What about health care?


“You can’t say that I’m going to put together a plan that’s going to be fulfilled. What I can say is I know where true north is in health care. I know where we have to be. We have to be in a single-payer system. I’ve been on all sides of this through my career. But I know in my soul, marrow deep, where we have to be is a single-payer system. What that exactly looks like I’m not sure. But I know that the only way you get control of pricing is when a bigger institution like the government gets to control prices.” He describes access to medical care as a front door-back door proposition. “The front door says you can come through that door at any time and I will see you. (If someone has no insurance and no money) what he ends up doing is going back to the back door, which is the emergency room. So if you look at outcomes, outcomes are directly related to access. If you don’t have front door access, you just aren’t going to do as well.”

The most current example of single-payer is Bernie Sanders’ Medicare for all bill.

“This is where you’re going to find me as a moderate. Bernie Sanders’ plan puts us $7 trillion more in debt. That doesn’t work. I don’t want to be called a tax-and-spend Democrat or I’m going to call him a tax cut and spend Republican. There’s no difference. You wind up in the same spot.”

Was Trump a factor in your decision to run?


“No, I can turn Donald Trump off. I think he’s a sideshow. I’m just worried my kids are not going to have health insurance. How can the Freedom Caucus say they’re for health insurance and not see that their health insurance is the biggest cost for anybody. … I won’t touch Medicare. But my kids don’t care what doctor they go to.”

You’ll need many checks to be competitive.


“I have to raise close to a million and a half dollars. I can’t do this without raising that kind of money. Because he’s got a lot more money than I do, the Koch brothers.”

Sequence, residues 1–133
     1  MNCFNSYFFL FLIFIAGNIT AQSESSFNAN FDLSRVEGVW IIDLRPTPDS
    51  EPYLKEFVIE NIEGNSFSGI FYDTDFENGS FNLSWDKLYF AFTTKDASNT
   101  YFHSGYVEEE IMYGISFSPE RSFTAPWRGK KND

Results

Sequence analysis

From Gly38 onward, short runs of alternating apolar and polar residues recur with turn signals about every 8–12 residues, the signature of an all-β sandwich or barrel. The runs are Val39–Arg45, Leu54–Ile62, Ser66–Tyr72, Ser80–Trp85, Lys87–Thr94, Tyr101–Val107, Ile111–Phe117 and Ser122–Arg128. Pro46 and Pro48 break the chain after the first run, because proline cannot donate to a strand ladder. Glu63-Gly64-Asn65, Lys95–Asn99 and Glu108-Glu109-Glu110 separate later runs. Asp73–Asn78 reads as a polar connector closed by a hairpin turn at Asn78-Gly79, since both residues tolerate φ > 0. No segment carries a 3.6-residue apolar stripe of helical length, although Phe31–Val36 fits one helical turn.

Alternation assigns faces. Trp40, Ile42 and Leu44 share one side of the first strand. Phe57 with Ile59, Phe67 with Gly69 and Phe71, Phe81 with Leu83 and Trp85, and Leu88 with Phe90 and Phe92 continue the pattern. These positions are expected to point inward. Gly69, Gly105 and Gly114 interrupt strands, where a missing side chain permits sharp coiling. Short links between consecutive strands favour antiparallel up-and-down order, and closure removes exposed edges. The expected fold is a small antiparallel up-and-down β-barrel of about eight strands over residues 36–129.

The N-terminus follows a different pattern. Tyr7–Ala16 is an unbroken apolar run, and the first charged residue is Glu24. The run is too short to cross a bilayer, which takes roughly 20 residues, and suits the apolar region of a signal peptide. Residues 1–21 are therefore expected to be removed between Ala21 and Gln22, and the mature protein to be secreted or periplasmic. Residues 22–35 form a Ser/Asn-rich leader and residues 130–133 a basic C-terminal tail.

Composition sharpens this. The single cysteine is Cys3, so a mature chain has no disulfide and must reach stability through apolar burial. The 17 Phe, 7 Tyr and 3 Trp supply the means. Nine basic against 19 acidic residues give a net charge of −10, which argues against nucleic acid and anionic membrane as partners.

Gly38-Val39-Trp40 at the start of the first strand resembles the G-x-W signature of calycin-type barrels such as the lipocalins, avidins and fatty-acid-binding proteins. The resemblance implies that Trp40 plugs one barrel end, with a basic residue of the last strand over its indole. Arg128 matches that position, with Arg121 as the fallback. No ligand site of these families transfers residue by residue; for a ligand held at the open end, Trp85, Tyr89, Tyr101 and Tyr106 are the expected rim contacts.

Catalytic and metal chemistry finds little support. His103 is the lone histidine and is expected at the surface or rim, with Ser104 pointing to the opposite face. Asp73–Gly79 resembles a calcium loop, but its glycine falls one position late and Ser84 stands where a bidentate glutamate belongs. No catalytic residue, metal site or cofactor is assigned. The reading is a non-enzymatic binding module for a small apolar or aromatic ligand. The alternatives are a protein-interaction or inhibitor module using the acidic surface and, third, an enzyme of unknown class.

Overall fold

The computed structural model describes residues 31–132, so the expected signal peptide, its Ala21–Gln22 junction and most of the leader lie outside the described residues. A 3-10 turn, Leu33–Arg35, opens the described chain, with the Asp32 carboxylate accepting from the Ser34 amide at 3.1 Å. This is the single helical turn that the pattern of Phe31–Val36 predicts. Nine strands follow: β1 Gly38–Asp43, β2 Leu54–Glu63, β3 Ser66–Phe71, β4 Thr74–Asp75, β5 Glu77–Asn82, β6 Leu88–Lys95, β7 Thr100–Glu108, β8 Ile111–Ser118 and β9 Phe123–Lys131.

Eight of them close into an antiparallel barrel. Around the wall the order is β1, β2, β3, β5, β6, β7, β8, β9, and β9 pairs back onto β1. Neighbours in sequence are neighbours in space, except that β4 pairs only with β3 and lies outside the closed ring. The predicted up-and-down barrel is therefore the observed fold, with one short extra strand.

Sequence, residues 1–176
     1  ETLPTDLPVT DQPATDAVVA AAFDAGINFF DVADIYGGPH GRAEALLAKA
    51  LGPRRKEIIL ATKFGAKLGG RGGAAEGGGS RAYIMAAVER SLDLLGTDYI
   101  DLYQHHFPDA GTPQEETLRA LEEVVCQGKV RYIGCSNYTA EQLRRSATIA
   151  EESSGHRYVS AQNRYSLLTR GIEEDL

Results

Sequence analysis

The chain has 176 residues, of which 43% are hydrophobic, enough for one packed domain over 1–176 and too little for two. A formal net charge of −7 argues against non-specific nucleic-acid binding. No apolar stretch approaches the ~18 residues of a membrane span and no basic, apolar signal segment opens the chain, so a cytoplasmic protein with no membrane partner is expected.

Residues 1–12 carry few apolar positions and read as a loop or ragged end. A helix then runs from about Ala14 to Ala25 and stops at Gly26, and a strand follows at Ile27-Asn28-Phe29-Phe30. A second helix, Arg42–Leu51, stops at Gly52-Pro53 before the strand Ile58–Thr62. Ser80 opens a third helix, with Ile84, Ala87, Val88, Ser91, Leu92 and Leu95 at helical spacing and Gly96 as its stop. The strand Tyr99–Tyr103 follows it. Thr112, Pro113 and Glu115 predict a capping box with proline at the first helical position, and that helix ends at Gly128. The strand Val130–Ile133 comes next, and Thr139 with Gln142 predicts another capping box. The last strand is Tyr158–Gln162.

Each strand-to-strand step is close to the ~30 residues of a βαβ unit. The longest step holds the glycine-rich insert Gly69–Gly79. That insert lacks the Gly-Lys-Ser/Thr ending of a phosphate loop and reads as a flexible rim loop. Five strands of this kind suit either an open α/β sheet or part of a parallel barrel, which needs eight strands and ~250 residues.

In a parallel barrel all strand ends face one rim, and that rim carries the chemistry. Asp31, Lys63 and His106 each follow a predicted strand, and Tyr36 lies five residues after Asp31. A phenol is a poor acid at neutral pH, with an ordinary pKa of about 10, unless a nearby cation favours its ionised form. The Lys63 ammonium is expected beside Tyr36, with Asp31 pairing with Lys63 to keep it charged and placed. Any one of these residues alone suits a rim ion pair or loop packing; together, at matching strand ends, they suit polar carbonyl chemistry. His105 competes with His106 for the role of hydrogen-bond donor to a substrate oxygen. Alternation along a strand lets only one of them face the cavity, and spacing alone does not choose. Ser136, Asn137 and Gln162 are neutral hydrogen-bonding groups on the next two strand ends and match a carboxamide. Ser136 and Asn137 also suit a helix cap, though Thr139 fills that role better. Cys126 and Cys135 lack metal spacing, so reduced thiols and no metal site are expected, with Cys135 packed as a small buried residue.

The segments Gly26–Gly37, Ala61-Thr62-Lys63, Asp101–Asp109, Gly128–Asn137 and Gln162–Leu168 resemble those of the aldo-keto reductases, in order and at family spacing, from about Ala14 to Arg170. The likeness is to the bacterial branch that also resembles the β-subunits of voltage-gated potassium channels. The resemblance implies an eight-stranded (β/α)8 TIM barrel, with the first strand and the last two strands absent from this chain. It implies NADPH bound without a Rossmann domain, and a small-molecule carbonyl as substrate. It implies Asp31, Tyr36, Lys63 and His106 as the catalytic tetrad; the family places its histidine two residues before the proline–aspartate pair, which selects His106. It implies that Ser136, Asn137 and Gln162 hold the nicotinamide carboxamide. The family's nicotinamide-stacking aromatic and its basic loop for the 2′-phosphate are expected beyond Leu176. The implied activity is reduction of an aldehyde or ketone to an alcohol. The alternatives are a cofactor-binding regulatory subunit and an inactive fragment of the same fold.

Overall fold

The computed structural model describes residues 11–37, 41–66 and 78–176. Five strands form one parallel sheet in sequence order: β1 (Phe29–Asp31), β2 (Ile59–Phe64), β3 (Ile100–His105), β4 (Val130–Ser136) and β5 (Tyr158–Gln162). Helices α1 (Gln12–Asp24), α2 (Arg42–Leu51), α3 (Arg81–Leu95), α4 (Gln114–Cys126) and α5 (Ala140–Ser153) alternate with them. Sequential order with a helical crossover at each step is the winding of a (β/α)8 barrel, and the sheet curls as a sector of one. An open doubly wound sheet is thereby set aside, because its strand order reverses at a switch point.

Do you get the impossibility of this?


“Sure. Oh, yeah. Absolutely. Impossible? I love that kind of thing. Impossible task? Really? Oh yeah, that’s cool to me. I’m serious. Don’t you know there are flights worth losing? I want my kids to have health insurance. Mark Meadows is not gonna do that. He’s just not. … If you really believe these insurance companies give a rat’s a— about the end user you’re fooling yourself. They care about their profits coming through the door.” In the election landscape, “What I see is that, women in particular, they’re tired of Fox news, they’re tired of seeing their husbands angry about things they can’t fix. I hear that every day. I tell people to quit worshiping at the First Church of Fox News where Sean Hannity is a high priest. It’s amazing what we’ve come to, it’s just become more theater, not even good theater.”

You switched to the Democratic Party. You ran as an unaffiliated candidate for the Board of Commissioners in 2010.


“It’s a wonderful experience to run for any office. It’s amazing the people that come out and are gracious to you, even if they’re not going to vote for you.”